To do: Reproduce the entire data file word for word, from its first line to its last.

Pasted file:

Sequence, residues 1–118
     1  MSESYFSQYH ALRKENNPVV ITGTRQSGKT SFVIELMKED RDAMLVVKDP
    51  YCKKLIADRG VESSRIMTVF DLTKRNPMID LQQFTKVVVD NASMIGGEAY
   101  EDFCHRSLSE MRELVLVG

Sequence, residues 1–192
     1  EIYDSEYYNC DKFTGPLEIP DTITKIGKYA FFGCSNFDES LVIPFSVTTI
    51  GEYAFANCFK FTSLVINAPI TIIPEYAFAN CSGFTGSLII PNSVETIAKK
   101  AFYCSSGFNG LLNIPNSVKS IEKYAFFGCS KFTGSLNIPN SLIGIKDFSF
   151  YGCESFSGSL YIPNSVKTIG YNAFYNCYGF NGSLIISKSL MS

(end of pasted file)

Sequence, residues 1–118
     1  MSESYFSQYH ALRKENNPVV ITGTRQSGKT SFVIELMKED RDAMLVVKDP
    51  YCKKLIADRG VESSRIMTVF DLTKRNPMID LQQFTKVVVD NASMIGGEAY
   101  EDFCHRSLSE MRELVLVG

Sequence, residues 1–192
     1  EIYDSEYYNC DKFTGPLEIP DTITKIGKYA FFGCSNFDES LVIPFSVTTI
    51  GEYAFANCFK FTSLVINAPI TIIPEYAFAN CSGFTGSLII PNSVETIAKK
   101  AFYCSSGFNG LLNIPNSVKS IEKYAFFGCS KFTGSLNIPN SLIGIKDFSF
   151  YGCESFSGSL YIPNSVKTIG YNAFYNCYGF NGSLIISKSL MS